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4th Circuit upholds sealing of qui tam suits

The 4th U.S. Court of Appeals rejected today challenges to provisions that require cases filed under the federal False Claims Act to be sealed for at least 60 days and permit them to remain secret for much longer.

The American Civil Liberties Union, OMB Watch and Government Accountability Project argued that the provisions violate the public’s First Amendment right of access to judicial proceedings, infringe on First Amendment rights by gagging qui tam relators from speaking about their complaints, and violate the separation of powers by infringing on a court’s inherent authority to decide on a case-by-case basis whether a particular complaint should be sealed.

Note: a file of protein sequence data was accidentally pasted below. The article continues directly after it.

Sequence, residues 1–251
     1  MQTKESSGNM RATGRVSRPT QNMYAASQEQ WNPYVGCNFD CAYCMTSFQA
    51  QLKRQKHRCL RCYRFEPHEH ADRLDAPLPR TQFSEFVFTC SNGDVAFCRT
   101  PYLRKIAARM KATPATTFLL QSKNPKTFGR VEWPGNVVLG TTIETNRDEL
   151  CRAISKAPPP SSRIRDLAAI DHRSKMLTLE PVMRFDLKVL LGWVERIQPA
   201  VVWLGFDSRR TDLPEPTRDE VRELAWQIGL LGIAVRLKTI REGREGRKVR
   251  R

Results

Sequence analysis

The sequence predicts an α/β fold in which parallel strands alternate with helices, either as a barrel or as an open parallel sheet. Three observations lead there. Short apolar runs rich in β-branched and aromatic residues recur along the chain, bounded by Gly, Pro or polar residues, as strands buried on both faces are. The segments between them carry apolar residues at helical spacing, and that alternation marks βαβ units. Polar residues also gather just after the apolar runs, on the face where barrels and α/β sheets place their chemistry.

A three-judge panel split 2-1 in finding that the sealing regulations are narrowly tailored to balance the interests of the relator, the government and the defendant and that the restriction on the inherent authority of courts affects only those powers “reasonably useful to achieve justice,” a category over which Congress may intervene.

Justice James C. Dever III, a district judge in the Eastern District or North Carolina sitting by designation, wrote the majority opinion, joined by 4th Circuit Judge Barbara Milano Keenan.

Judge Roger L. Gregory dissented. “Ultimately, opacity inflicts causalities in the darkened corners of our government, deteriorating the quality of our democracy subtly but surely …,” he wrote. “Instead of striving to categorically conceal this area of civil dockets, I would more
rigorously apply the First Amendment and selectively seal records.”

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